D’Aquino, Andrea. She Heard the Birds: The Story of Florence Merriam Bailey Pioneering Nature Activist. Princeton, Architectural Press, 2021. Unpaged. 978-1-648-96050-5. $18.95. Grades 1-3.
This picture book biography is the story of a woman who made a difference. Florence Merriam Bailey grew up in the late 19th century with her family who loved nature. Her mother was an astronomer and her father took the family on a summer long camping trip where she loved to observe the forest animals. Florence’s favorite creatures were birds and she studied their behavior and songs. She strongly disliked the latest fashion in hats, which were adorned with feathers and even the actual carcasses of birds. Bailey and her classmates at Smith College initiated a successful boycott of these hats. Florence became an avid ornithologist and promoted watching birds in a natural setting with binoculars in contrast to scientists who studied them in laboratories. She was the author of a field guide and other books on birds and their methods of communication. The author’s full bleed illustrations are done using hand-painted collage, oil pastel and pencil. Readers will enjoy examining the many colorful birds that are depicted.
THOUGHTS: This book is a great choice for elementary collections. It could be used during Women’s History Month, Earth Day or in science units. Children will learn about the wonder and beauty of our feathered friends and may be inspired to do some birdwatching on their own.
921 Biography Denise Medwick, Retired, PSLA Member 598.2 Birds
Fernihough, Jo. The Crow and the Peacock. Eerdmans Books for Young Readers, 2021. 978-0-802-85568-8. Unpaged. $17.99. Grades K-3.
Crow is living a perfectly happy life until he encounters a dove in the forest one day. Her beautiful, bright feathers and soft cooing cause him to question his dark feathers and loud “caw caw.” Suddenly, his self-confidence dwindles. In talking to the dove, however, he discovers that the dove actually envies the nightingale, whose singing is even more magnificent. The nightingale, in turn, envies the rooster, whose call is so famous it is heard across the land. As the crow travels from bird to bird, he discovers that they all want something another bird has. Ultimately, he meets a caged peacock, who only wishes to fly free like a crow. It is then that the crow realizes how good he has it and that the only thing that could possibly make him happier is sharing his joy with others. A thought-provoking tale complete with lively, colorful illustrations, this book would be an excellent read aloud selection.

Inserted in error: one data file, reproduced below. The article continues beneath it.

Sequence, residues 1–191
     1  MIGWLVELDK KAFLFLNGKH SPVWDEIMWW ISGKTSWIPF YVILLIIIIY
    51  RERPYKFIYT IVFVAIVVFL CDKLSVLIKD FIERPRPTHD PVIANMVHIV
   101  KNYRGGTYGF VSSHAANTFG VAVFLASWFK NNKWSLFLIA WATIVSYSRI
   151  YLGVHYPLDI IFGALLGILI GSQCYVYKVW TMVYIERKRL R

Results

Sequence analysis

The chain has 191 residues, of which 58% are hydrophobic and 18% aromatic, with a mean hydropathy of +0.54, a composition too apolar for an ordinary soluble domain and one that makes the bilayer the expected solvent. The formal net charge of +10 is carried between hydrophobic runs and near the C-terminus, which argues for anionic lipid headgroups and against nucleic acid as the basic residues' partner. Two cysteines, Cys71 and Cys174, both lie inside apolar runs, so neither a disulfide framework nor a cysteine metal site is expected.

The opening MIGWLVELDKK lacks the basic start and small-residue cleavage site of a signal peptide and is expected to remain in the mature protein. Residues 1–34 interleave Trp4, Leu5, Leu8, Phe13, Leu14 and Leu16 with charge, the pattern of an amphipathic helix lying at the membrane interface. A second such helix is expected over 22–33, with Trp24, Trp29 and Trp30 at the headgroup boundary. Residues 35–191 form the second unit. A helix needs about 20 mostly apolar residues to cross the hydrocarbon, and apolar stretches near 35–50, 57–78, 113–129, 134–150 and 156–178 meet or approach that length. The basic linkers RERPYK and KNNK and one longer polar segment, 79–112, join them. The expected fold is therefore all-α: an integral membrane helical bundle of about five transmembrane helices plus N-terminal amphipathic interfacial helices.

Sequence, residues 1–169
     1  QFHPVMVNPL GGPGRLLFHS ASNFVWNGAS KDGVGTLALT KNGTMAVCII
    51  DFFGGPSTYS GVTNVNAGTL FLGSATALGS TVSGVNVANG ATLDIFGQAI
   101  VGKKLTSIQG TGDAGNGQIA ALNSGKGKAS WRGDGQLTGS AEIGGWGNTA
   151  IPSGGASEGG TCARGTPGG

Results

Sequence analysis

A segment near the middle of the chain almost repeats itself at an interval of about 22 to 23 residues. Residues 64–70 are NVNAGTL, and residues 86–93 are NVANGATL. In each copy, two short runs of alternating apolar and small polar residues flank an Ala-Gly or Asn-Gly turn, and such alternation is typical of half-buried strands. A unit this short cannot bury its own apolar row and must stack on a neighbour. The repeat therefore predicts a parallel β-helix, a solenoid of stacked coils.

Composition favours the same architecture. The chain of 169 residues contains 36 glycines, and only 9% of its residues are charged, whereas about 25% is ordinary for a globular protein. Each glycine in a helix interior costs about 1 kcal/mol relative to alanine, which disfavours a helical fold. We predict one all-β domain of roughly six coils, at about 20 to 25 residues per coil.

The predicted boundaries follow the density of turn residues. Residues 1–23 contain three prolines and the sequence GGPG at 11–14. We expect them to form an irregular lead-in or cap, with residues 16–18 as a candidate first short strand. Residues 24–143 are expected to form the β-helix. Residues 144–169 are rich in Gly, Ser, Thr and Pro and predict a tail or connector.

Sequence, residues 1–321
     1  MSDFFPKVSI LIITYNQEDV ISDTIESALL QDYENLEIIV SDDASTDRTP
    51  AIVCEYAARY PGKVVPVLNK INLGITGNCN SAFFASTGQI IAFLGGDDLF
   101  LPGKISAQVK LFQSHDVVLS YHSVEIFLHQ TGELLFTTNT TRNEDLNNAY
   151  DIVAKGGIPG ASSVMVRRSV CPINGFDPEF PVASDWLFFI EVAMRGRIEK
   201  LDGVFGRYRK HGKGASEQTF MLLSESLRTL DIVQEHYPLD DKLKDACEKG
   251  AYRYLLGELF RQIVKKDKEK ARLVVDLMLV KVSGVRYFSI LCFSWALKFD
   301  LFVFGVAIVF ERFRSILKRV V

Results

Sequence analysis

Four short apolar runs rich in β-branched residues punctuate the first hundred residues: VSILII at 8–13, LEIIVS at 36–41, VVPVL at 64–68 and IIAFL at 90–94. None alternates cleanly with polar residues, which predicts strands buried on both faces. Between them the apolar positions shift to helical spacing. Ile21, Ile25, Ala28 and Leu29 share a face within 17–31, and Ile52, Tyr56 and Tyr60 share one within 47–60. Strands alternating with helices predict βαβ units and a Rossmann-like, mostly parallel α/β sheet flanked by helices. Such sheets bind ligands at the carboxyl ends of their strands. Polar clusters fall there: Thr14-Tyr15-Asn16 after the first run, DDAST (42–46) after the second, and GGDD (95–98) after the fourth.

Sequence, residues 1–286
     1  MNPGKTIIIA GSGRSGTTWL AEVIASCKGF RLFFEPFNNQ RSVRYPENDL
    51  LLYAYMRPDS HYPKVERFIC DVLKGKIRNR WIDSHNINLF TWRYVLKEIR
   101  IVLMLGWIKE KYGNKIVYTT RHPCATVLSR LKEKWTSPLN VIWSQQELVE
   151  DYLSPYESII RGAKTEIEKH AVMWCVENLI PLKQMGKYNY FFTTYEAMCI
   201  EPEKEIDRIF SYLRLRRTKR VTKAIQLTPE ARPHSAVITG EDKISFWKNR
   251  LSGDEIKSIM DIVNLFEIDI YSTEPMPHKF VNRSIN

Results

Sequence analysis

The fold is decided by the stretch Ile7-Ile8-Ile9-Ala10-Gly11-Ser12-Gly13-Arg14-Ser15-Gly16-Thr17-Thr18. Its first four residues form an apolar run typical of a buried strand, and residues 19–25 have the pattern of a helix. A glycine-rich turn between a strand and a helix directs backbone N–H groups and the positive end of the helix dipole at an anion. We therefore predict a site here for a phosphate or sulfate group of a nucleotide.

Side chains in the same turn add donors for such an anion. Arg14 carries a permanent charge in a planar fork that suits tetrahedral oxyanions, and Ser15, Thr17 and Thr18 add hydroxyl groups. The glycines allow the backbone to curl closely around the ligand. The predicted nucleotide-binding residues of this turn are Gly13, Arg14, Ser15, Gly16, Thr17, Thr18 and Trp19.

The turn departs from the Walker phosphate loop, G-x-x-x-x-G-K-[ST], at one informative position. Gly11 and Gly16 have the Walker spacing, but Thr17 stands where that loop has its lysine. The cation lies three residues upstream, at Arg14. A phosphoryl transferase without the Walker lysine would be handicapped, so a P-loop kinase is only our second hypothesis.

THOUGHTS: This book would be a great introduction to self-esteem/confidence building activities. After hearing the story, young listeners could reflect on their own special traits and characteristics. Perhaps they could even share with their peers the attributes they like most about each other. The book might also prompt discussions about jealousy and the problem with comparing oneself to others. This is definitely a must-have for those looking to build social and emotional learning collections.
Whipple, Annette. Whooo Knew? The Truth About Owls. Reycraft Books, 2020. 978-1-478-86962-7. 32 p. $17.95. Grades 1-3.
Children and adults have long been fascinated with owls. Likely many of our students have read a fictional story featuring an owl or heard the hoot of an owl while camping, hiking, or just relaxing in their backyard. In Whooo Knew?, readers have the opportunity to learn more about these amazing creatures. Information about owl characteristics, life cycle, and habitat are introduced by the author posing a question (for example: “Can Owls Spin Their Heads?”, “What Good Are Ear Tufts?”, and “What Do Owl Babies Do?”). Each question is answered in an informational two page spread featuring numerous photographs. The title also includes a section on what readers can do to help owls, and backmatter includes a glossary, instructions on dissecting an owl pellet, and illustrations of owl anatomy.
THOUGHTS: This engaging non-fiction title is sure to be a hit with students, who will find it useful for research as well as casual reading. The structure of the book, with each topic introduced by catchy questions, will catch the attention of readers and the numerous photos of owl species and close-up views of owl characteristics will allow readers to appreciate these amazing animals. Recommended.